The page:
Zverev goes to great lengths to break compatriot Altmaier; Nadal advances smoothly

MELBOURNE, Jan 17 (Reuters) – Alexander Zverev was slow to warm up and had to work hard against compatriot Daniel Altmaier in his Australian Open opener on Monday, when the world number three began his attempt to add a first Grand Slam title to his Olympic gold.

Zverev, 24, defeated Altmaier (87) 7-6(3), 6-1, 7-6(1) at Rod Laver Arena and will face Australian John Millman in the second round.

“Today not much has come out of the plan, to be honest, except that I won,” Zverev said after the match. “But that’s the way it is sometimes. It’s the first round of a very long tournament and you’re not always going to play your best tennis. It was a good match to go into the tournament and I hope the next round will be better.”

Zverev won Olympic gold in Tokyo in 2021, during what was by far the best season of his career. He also captured five more titles in the year, including two Masters 1000s and the season-ending ATP Finals.

The 2020 US Open finalist showed his frustration at times with double faults, but was otherwise solid on serve, facing just one break point in the entire match, which Altmaier converted to briefly lead the third set.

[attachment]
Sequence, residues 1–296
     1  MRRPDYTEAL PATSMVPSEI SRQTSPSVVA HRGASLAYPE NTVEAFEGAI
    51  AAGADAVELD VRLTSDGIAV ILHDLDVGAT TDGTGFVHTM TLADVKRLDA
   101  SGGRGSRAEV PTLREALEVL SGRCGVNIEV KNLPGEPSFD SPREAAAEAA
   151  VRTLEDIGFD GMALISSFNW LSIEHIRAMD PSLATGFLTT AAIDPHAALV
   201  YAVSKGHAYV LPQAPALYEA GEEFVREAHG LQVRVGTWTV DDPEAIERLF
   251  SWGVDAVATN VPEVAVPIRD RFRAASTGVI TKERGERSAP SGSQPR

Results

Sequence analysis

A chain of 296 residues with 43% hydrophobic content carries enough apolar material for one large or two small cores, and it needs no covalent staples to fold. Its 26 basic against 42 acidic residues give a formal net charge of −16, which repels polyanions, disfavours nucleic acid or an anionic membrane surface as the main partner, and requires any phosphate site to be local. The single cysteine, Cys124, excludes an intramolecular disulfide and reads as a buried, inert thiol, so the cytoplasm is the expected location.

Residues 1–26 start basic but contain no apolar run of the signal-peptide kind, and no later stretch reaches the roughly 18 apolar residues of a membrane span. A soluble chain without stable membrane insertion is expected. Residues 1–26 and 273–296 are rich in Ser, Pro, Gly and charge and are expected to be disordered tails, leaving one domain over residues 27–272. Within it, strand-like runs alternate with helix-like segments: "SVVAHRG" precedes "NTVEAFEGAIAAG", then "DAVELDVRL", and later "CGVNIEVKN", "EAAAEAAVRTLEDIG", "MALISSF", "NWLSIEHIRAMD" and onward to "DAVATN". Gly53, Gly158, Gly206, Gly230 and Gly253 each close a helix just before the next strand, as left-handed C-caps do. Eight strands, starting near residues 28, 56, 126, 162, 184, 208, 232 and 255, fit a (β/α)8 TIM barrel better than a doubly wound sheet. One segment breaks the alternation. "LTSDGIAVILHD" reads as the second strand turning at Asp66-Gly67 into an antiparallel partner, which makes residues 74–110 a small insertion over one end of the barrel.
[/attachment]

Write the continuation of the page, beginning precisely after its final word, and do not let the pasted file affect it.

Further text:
Zverev, who hit 14 aces and committed six double faults, recovered early from the break and had four match points on return at 6-5. Altmaier saved them all and forced a tiebreak, but his rival – whose best performance at Melbourne Park remains the semi-finals in 2020 – raised his level and ended up sealing the contest.

Another of the favorites for the Australian tournament, Rafael Nadal, easily got rid of the American Marcos GirĂ³n 6-1, 6-4, 6-2 to advance to the second round.

The Spanish tennis player, seeded sixth in the tournament, said he is not enjoying the absence of his great rival Novak Djokovic, even if it means he has more chances to win the first Grand Slam title of the year.

Tied for 20 majors with Djokovic and Roger Federer, Nadal said it would be “better for the whole world” if the Serb competed at Melbourne Park.

“I wish him the best. I think the situation got complicated and I don’t think he’s the only one who has done things wrong. There are more people responsible. But he is one of those responsible. I would have liked him to play,” he said.

(Reporting by Sudipto Ganguly; edited in Spanish by Carlos Serrano)



Reference-www.infobae.com

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